In this study, I interviewed Ms. Yurika Michigami of Fukaze Dekumawashi 深瀬木偶廻しPreservation Clubhouse (Fukaze Dekumawashi Hozonkai) regarding the use of Kakutayū librettos by current bun’ya ningyō troupes, and her reply was as follows:

Fukaze has old books printed in the Edo era. 40 years ago, chanters still used those books. But now, no one in our troupe can read the old-style text of cursive writing, with the unstable writing system of the Edo era. Books in the Edo era were made with woodblock prints, which contain more writing inconsistency. For this reason, we participate (online) in projects that help us in the transcription of Edo period books. We use the ‘transcribed’ (honkoku 翻刻) version of jōruri books, but I think the words are not that different from the old ones. Our chanter is using his own books, of which the papers, the font, font size, etc... are his choice. Our chanter, who was born and grew up in Fukaze, knows how to chant very well. However, he says the recordings of the predecessors’ chanting help him very much.

Figure 4. Modern print. A page from a transcribed libretto by the Fukaze Dekumawashi Hozonkai troupe. Collection Yurika Michigami.


The projects mentioned by Ms. Yurika Michigami are online platforms made up of groups of volunteers who pool their knowledge to help transcribe texts from the Edo era. The results are usually excellent. It seems that forty years ago, in the early 80s, the last tayū of the Fukaze troupe, who was able to read the original texts of Kakutayū in their possession, passed away. Currently Kakutayū’s librettos are in private hands.

A controversial topic: is it really bun’yabushi?

In 1909-1910, Professor Takano Tatsuyuki, a learned scholar, discovered that 4-5 visually impaired narrators had continued to perform a style of theatre known, amongst the islanders, as bun’yabushi, on Sado Island.

Professor Takano, contacted the district headman of Sado island and received the fortunate reply that there were still several storytellers there. The answer to his question regarding the titles and examples of the things they were narrating was as follows:

“There are some gidayūbushi which narrate Chikamatsu’s plays such as: Genji Eboshiori 「源氏烏帽子折 」, Soga Kaikeizan「曽我会稽山」, and Shusse Kagekiyo.

However, there are also some titles that have been passed on as narrations by Yamamoto Kakutayū, such as: Shinoda Tsuma「信田妻」, Sanshō Dayū「山椒大夫」, Shinjū-hachi ganki「四 十八 願 記」, and Oguri Hangan「小栗の判官」.

(…) Other than that, there are titles such as: Oota Kassen「太田合戦」, Kumano Kassen「熊野合戦」, Yashima「八島」, Shitenno Tsukushi Seme「四天王筑紫責」, and Fujiwara no Sumitomo「藤原純友」, which can be classified (the latter) as ko-jōruri of kimpirabushi. Titles such as Shitenno Tsukushi Seme were katarimono narrations of the declaimer Inoue Harimanojō” (Takano, 1915, p.230).

From what he could see from the examples he received from Sado, he was pleased to discover that Chikamatsu’s works were seemingly mostly narrated according to their original text. Professor Takano expertly continued his analysis by noting that:

it is said that the melody that they chanted was a tragic one. Also, according to some people who have heard it, the prologue was similar to the epic poem of Heike Monogatari. There were some titles which seemed like the katarimono stories of kinpirabushi, but if their melody is tragic, can we then still call them kinpirabushi? Well, it seems that we can. Currently there remains something called kinpirabushi in Echigo, around the district of Kitakambara. Among its katarimono stories, there are Kadode Yashima 「門 出 八 島」, Taishokan「大 職 冠」 and Ushiwaka Anba Kudari 「牛 若 鞍馬 下 り」. These are in the style of kojōruri, and they do not narrate stories typical of kinpira, but rather kinpira, so it would be better to call them bun’ya (Takano 1915, p.231).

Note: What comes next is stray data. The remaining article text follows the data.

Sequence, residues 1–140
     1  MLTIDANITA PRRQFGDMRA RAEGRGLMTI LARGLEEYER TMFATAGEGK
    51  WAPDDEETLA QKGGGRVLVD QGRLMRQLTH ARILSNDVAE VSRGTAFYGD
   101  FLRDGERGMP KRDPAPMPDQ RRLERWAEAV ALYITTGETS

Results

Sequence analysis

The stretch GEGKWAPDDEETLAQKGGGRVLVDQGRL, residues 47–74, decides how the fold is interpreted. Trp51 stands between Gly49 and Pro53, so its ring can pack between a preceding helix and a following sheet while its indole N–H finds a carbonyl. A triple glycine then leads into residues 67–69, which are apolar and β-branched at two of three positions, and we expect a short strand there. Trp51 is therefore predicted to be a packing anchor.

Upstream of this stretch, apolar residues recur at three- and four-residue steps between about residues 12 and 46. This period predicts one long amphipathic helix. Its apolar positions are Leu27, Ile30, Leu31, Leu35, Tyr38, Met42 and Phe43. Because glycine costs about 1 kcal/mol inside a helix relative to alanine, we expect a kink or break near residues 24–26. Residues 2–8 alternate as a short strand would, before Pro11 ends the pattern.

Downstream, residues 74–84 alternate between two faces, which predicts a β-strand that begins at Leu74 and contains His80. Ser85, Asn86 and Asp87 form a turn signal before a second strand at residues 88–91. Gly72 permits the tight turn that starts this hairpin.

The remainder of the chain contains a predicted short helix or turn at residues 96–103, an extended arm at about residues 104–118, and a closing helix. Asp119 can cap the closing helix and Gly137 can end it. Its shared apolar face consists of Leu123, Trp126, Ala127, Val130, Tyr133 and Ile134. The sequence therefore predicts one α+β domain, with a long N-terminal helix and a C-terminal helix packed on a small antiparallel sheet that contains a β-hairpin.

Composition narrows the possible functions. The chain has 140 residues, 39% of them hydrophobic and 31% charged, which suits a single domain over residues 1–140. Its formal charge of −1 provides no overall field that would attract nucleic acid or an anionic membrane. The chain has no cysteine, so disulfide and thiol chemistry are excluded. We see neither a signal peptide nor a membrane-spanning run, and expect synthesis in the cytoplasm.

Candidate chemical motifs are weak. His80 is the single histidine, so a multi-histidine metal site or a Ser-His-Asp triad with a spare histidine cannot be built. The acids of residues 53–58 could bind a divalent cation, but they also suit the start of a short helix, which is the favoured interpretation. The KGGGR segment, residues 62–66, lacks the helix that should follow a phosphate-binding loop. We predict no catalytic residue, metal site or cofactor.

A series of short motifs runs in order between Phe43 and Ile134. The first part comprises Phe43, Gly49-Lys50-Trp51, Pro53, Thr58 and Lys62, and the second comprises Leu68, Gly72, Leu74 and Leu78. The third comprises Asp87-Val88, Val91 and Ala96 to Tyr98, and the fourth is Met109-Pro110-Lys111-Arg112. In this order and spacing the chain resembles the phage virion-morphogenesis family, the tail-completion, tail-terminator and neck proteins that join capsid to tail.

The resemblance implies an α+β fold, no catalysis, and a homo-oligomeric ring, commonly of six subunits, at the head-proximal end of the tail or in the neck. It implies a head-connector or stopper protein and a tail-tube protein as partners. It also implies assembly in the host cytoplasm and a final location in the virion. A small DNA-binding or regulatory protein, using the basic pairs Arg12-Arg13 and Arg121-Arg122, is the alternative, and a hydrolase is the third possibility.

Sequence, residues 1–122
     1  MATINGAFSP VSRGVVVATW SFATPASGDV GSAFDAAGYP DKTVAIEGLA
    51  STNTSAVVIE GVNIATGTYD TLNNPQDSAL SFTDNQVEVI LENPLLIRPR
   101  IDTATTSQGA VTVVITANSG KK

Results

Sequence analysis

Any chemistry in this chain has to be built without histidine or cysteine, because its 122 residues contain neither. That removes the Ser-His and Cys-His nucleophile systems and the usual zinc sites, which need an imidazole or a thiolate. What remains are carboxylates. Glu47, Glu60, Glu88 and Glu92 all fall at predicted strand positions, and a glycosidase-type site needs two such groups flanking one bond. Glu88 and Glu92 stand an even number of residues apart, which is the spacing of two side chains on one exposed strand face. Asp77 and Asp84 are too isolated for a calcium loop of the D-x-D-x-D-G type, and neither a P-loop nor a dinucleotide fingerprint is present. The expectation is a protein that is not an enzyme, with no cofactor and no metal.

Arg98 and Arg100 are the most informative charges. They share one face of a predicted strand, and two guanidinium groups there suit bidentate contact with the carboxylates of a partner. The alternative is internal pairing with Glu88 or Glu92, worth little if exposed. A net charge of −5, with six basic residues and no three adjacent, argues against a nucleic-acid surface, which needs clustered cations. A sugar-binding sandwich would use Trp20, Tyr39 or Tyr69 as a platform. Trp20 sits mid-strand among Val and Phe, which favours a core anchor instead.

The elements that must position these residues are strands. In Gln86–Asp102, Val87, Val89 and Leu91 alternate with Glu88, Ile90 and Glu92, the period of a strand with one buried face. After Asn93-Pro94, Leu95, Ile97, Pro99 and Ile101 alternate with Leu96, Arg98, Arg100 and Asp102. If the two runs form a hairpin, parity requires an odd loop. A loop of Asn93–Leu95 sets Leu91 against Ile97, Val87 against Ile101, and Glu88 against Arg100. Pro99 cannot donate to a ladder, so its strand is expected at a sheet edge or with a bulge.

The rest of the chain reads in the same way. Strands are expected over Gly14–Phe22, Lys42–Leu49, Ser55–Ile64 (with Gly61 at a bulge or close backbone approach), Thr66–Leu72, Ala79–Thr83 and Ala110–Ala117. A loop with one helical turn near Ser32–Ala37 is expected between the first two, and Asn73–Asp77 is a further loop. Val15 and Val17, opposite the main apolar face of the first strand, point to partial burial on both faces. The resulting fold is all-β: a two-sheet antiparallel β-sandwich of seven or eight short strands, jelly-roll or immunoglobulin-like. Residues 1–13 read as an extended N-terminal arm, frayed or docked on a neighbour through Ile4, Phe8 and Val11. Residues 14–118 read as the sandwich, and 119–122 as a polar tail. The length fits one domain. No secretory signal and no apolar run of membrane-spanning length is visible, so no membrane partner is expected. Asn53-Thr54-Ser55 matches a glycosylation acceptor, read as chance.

Professor Takano notes that kinpirabushi, invented by Edoizumidayū, is supposed to have an aggressive and war-like style; and its katarimono revolve around battles and heroic deeds. However, in Sado the librettos are recited in bun’yabushi. In this regard, it should be noted that kinpira shows are still being performed in Sado, albeit by only one company, the Koeiza. Subsequently, on Takano’s initiative, on June 17, 1911, a group of musicians from Sado island performed the bun’yabushi at the Musical Academy of Tōkyō (Geidai) in front of an audience made up of art connoisseurs. Musicologists, writers, art historians, along with the famous novelist Nagai Kafū, were among the members of the audience who attended the special show. Many scholars and connoisseurs thought it was new and interesting. The public’s reaction was similar to that displayed when archaeologists make a new discovery by debunking some long-held beliefs and stirring disputes for the next two decades (Furnari, 2022, p.185).

Why was the audience so surprised during the performance held at the Tokyo Academy of Arts? On Sado Island, two forms of puppet theatre were more popular: bun’yabushi and sekkyōbushi. Furthermore, three musicians, who at that time were the most renowned on the island, came: Miyama Seiga, who was a 47-year-old visually impaired musician, and his able-bodied disciples, Sei Jirō (32) and Matsumura Muraji (33 years). Professor Takano commented after hearing their performance that: “the performance was like the unfinished version of gidayūbushi.” However, as Takano himself admitted, there was no evidence that could attest that it was true and authentic bun’yabushi (Takano, 1915, p.233). Notwithstanding, Takano realised that the bun’yabushi was not only a melody that was completely lost in the ancient pages of the old almanacs, but that the bun’ya melodies were mixed with other genres of Japanese music: